Stix Bones & Bob Beamon
There is a good story to tell before we get into the music. Bob Beamon won long-jump gold at the 1968 Olympics in Mexico City. Beamon reached out to Stix Bones’s bassist and cousin, Albert Brisbane, to work with the drummer on a record. That record is Olimpik Soul. The record marks Beamon’s recording debut as a percussionist at age 77.
The music Stix Bones and Beamon make reminds me a lot of 1970s Soul Jazz. I can almost picture Isaac Hayes and Gill Scott Heron nodding their approval from the galactic control room in the spiritual studio. “Leap” opens the record with a smooth vibe with funky percussion, and Densen “Meighstro” Curwen’s piano reminds me of the jazz radio hits of Bob James. “Funktronic” picks up the pace and gives the horns plenty of room to roam. “Monday Madness” has a nice afro-Caribbean groove with more tasteful piano work from Curwen.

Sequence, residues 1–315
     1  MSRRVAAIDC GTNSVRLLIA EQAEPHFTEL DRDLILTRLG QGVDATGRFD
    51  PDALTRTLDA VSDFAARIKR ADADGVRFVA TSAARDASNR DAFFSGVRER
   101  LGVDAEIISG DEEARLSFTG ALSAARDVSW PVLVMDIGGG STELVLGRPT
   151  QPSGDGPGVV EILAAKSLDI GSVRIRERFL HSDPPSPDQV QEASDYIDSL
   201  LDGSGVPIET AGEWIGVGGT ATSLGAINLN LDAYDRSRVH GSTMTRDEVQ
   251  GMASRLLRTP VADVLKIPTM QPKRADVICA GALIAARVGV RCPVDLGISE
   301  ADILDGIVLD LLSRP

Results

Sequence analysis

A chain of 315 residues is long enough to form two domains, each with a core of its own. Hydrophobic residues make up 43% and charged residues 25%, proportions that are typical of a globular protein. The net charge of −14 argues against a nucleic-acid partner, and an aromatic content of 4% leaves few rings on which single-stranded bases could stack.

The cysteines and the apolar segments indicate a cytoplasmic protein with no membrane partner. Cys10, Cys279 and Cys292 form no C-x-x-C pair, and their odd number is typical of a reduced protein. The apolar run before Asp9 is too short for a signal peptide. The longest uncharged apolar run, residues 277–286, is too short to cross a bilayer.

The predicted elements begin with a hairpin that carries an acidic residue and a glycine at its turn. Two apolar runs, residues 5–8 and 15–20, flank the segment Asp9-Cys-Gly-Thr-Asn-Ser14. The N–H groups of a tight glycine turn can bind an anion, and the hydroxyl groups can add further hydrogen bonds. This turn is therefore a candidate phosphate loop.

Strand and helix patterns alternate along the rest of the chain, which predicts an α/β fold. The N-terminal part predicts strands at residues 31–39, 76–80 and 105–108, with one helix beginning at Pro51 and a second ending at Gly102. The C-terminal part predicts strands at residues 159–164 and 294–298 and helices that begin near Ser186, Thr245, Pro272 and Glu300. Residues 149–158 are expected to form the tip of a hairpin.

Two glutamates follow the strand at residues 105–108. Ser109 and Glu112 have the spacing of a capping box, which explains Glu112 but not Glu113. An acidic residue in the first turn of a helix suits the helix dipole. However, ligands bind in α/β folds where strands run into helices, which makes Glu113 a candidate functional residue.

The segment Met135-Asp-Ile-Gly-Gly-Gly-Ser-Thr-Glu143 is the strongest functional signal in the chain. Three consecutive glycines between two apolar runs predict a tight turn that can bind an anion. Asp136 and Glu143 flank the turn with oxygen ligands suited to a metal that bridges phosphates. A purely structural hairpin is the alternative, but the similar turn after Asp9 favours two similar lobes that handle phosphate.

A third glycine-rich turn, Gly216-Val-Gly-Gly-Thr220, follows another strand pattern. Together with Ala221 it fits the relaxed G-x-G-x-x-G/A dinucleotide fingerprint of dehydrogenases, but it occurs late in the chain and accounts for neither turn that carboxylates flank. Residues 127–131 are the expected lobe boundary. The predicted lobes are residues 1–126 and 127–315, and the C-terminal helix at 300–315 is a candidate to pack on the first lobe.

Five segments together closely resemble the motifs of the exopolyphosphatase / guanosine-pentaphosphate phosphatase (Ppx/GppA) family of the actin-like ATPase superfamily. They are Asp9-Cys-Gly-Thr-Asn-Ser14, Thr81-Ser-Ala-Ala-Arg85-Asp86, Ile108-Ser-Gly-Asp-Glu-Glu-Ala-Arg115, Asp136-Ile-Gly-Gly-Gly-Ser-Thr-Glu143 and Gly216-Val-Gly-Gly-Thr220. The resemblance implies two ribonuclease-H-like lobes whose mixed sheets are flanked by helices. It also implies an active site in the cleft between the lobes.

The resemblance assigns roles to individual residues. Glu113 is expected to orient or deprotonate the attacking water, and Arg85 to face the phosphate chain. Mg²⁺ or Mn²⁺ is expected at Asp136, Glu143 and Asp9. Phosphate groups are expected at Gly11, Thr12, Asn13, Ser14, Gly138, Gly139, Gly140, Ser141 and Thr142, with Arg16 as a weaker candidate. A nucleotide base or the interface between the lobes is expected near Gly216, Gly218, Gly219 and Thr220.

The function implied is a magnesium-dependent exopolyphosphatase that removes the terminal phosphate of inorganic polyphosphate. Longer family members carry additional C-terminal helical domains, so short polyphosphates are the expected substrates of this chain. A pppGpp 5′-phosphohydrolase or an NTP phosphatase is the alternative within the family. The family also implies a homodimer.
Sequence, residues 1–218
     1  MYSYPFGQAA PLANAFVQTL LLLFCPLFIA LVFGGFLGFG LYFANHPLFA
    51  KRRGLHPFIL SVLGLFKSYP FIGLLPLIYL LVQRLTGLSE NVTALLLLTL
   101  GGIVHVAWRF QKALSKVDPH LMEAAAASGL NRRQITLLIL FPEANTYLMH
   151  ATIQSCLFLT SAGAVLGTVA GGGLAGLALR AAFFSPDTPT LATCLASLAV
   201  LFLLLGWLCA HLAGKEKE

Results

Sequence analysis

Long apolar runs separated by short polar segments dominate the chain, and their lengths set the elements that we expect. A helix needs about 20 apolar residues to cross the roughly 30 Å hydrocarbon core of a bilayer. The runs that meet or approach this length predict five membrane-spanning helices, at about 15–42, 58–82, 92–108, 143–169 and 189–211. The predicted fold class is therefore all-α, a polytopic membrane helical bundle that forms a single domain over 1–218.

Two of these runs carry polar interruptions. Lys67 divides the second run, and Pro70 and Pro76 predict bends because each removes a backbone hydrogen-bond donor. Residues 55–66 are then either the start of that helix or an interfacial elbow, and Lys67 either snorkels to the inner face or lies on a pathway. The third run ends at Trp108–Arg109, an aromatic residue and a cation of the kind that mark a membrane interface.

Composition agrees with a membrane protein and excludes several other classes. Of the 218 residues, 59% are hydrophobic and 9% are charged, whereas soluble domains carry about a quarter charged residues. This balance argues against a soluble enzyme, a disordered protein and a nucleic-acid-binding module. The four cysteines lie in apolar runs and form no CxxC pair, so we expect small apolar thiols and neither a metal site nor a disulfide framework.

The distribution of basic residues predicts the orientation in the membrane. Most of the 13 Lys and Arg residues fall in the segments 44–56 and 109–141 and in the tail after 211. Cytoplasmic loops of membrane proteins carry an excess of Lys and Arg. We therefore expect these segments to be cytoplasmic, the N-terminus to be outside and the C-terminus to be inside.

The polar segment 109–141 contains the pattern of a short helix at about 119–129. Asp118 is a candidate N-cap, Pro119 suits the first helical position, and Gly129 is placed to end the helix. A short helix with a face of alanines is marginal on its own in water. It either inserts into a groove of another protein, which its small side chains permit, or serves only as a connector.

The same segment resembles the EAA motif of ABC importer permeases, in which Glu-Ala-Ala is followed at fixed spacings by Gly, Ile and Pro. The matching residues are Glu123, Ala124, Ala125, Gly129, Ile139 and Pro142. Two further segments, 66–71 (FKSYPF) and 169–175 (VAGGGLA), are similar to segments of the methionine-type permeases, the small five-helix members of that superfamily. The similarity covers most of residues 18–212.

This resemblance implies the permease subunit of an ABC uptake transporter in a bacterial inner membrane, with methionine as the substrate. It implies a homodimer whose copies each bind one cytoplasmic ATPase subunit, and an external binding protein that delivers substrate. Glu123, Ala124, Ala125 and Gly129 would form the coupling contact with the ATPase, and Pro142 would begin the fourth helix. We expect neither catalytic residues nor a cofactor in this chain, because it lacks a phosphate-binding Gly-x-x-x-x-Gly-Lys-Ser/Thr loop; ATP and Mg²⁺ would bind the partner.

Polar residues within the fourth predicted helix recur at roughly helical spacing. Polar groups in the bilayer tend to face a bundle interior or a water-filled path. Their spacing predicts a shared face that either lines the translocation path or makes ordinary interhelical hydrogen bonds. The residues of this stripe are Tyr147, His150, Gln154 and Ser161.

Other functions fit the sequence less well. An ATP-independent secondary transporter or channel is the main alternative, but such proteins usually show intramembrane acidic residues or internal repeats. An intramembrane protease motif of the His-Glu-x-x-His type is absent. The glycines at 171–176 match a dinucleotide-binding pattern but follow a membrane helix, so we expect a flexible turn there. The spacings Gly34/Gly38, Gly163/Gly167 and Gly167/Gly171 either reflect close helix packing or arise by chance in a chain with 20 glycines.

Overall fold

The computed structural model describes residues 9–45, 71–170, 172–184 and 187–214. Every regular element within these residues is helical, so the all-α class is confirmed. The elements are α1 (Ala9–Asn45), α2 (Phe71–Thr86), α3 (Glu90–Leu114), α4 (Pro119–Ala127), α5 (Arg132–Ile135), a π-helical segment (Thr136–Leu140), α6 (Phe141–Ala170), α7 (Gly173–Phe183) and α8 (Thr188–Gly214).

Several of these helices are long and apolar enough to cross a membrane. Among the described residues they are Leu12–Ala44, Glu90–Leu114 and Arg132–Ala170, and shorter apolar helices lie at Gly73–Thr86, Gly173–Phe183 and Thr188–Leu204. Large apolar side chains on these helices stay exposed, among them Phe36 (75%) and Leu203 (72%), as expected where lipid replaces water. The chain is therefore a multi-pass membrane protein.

The two tracks with guest vocalists are highlights of the record. “Be Thankful” is a quiet storm reimagining of William DeVaughan’s 1974 Soul classic “Be Thankful For What You’ve Got.” Khadejia Bass’ silky smooth vocals caress your ears. Her hushed delivery makes it feel like a lover reassuring their partner that things will be all right after a particularly punishing week.
The other guest vocalist is Abiodun Oyewole, who was a member of the highly influential, proto-hip hop group The Last Poets. Oyewole contributes the song “Price of Freedom,” reciting words about freedom being too precious to be bought, even though the capitalist world would try to make you think otherwise.